These algorithms are implemented in computers, mobile devices, storage, and network components that are deployed worldwide. Some algorithms require secret keys that are shared by originators and recipients of information, such as the Advanced Encryption Algorithm (AES). Other algorithms, such as RSA, use a private key held by one party to an exchange and a public key held by other parties to the exchange. Most cryptographic integrity and key establishment functions use public-key cryptography. Unfortunately, once practical quantum computing becomes available to cyber adversaries, attacks based on a process known as Shor’s algorithm will render ineffective all public-key cryptographic algorithms currently in widespread use.
What does this mean to me and my organization?
Access to practical quantum computers is uncertain at this time. However, once access becomes available, all public-key algorithms and associated protocols will be vulnerable to criminals, competitors, and other adversaries. These individuals can record and capture current information and communications and gain access to the raw content once quantum computing technology is available. This includes all recorded communications and stored information protected by those public-key algorithms. In addition to compromising the confidentiality of the information, the integrity of the information cannot be assured. As a result, it is critical to begin planning for the replacement of hardware, software, and services that use public-key algorithms now so that the information is protected from future attacks.
Work on post-quantum cryptographic standards and implementing guidelines is well underway. However, experience has shown that, in the best case, 5 to 15 or more years following the publication of quantum-resistant public-key cryptographic standards will still be required to implement those standards to replace most of the vulnerable public-key systems currently in use. This best case scenario assumes that significant implementation planning is initiated prior to the publication of post-quantum standards. Organizations can and should begin to plan and prepare for this transition now so that they are ready to adopt and implement the new algorithms at the end of the standardization process.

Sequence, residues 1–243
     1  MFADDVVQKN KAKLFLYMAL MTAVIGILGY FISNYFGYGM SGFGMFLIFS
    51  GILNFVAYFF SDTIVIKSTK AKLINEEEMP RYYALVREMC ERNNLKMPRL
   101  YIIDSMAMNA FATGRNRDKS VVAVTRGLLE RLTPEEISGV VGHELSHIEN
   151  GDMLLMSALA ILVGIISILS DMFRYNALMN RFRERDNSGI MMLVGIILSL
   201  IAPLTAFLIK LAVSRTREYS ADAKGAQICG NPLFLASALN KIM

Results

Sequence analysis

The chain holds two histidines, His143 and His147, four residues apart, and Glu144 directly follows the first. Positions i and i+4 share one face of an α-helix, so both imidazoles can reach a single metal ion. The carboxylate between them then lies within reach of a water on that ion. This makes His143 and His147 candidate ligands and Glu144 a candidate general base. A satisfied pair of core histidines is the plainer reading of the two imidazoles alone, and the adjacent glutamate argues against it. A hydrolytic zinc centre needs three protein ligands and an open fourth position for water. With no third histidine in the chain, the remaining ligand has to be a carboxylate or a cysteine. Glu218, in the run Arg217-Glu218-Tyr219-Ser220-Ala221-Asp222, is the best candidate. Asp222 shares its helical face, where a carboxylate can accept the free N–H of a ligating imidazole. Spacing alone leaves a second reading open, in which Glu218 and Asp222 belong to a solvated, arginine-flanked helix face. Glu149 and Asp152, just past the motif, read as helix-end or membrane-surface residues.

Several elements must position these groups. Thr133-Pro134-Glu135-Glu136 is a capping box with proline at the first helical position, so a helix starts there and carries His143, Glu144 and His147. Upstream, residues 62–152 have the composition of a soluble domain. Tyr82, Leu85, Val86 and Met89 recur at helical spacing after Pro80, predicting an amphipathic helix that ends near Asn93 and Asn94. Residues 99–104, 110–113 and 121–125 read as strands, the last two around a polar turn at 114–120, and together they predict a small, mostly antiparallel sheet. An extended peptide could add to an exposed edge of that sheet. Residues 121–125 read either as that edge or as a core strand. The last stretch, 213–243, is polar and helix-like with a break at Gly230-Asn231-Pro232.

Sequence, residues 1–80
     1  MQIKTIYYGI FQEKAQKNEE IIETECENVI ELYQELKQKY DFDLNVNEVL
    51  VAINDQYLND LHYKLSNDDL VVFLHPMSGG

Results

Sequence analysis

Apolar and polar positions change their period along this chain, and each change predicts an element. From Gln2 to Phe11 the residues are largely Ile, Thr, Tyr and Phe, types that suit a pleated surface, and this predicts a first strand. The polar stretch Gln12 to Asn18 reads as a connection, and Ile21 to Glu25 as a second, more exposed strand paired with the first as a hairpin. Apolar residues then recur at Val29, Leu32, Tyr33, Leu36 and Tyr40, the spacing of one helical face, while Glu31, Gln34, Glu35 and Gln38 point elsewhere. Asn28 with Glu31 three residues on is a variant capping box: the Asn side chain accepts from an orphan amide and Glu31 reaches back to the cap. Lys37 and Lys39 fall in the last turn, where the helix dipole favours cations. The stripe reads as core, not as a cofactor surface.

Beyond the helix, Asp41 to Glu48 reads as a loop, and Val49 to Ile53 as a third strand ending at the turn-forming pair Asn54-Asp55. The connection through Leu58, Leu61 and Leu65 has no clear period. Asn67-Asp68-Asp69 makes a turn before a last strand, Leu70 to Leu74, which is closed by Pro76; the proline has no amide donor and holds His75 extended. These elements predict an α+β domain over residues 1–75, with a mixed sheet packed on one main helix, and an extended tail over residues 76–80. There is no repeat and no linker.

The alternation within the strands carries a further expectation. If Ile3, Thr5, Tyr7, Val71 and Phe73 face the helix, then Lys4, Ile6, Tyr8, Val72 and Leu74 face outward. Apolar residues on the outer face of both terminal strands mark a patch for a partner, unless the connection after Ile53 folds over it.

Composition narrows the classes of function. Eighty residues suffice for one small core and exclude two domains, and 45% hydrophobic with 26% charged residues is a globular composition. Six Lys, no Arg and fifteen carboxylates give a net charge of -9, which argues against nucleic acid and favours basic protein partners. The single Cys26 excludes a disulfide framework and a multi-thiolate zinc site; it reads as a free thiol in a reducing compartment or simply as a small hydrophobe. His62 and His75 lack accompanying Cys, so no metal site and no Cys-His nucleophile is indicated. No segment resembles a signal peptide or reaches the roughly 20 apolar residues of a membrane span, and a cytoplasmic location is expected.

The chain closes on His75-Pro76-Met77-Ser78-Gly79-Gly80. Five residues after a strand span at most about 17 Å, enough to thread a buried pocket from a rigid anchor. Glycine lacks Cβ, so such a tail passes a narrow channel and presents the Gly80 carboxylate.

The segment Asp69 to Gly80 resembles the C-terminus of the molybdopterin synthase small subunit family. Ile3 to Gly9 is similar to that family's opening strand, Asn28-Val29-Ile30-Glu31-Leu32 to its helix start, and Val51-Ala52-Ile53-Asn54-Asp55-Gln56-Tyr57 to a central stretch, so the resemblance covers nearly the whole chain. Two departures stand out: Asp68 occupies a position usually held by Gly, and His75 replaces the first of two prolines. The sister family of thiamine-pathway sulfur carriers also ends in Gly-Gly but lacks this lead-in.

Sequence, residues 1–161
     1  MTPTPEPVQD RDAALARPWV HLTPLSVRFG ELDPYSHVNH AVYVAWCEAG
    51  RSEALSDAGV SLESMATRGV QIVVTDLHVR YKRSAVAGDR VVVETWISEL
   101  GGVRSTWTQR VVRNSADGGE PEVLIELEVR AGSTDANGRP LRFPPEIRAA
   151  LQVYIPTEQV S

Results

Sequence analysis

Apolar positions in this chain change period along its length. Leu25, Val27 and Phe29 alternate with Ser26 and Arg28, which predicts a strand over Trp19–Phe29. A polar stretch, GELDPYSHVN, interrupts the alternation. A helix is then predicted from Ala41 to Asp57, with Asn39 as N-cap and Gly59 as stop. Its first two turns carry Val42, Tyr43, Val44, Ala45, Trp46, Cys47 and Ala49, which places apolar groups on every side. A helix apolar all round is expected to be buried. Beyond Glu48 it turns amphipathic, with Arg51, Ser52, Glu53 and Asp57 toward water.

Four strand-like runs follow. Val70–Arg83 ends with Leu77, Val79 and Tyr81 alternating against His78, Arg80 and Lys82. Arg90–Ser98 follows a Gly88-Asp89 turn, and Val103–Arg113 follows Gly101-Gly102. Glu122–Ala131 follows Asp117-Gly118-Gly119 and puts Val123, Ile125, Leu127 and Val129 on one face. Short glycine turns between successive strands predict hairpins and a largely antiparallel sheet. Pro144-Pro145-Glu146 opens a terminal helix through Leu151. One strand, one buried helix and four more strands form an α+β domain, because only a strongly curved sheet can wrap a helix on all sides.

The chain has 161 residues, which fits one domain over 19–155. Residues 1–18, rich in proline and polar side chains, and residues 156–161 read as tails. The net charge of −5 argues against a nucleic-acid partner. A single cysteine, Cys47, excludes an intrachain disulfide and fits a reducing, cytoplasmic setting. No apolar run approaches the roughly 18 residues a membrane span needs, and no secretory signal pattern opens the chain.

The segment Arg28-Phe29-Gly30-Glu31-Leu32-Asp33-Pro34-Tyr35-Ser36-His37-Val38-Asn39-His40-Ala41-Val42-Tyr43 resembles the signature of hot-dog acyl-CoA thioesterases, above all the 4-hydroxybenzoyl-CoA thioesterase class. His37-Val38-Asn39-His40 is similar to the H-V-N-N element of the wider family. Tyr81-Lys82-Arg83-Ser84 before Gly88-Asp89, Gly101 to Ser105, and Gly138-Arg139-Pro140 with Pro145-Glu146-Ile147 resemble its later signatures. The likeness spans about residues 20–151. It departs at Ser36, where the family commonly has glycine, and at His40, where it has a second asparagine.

What is NIST doing to meet this challenge?
As reflected in NIST’s April 2016 NISTIR 8105, Report on Post-Quantum Cryptography, work on the development of quantum-resistant public key cryptographic standards is underway, and the algorithm selection process is well in-hand, with algorithm selection expected to be completed in the next 1 to 2 years (https://csrc.nist.gov/projects/post-quantum-cryptography).
To complement the ongoing effort, the NCCoE is initiating a campaign to bring awareness to the issues involved in migrating to post-quantum algorithms and develop white papers, playbooks, and proof-of-concept implementations. NIST has developed a draft cybersecurity white paper, Getting Ready for Post-Quantum Cryptography to start the discussion. In addition, the NCCoE formed a Cryptographic Applications community of interest (CoI) to work on a migration playbook that would address the challenges previously described and provide recommended practices to prepare for a smooth cryptographic migration. Finally, findings from these activities and future workshops will drive the NCCoE’s development of practical, demonstrable implementations in collaboration with the community.
We invite your participation in the Applied Cryptography - PQC CoI as we welcome your suggestions regarding future workshops and other near-term activities. Go here to join the CoI.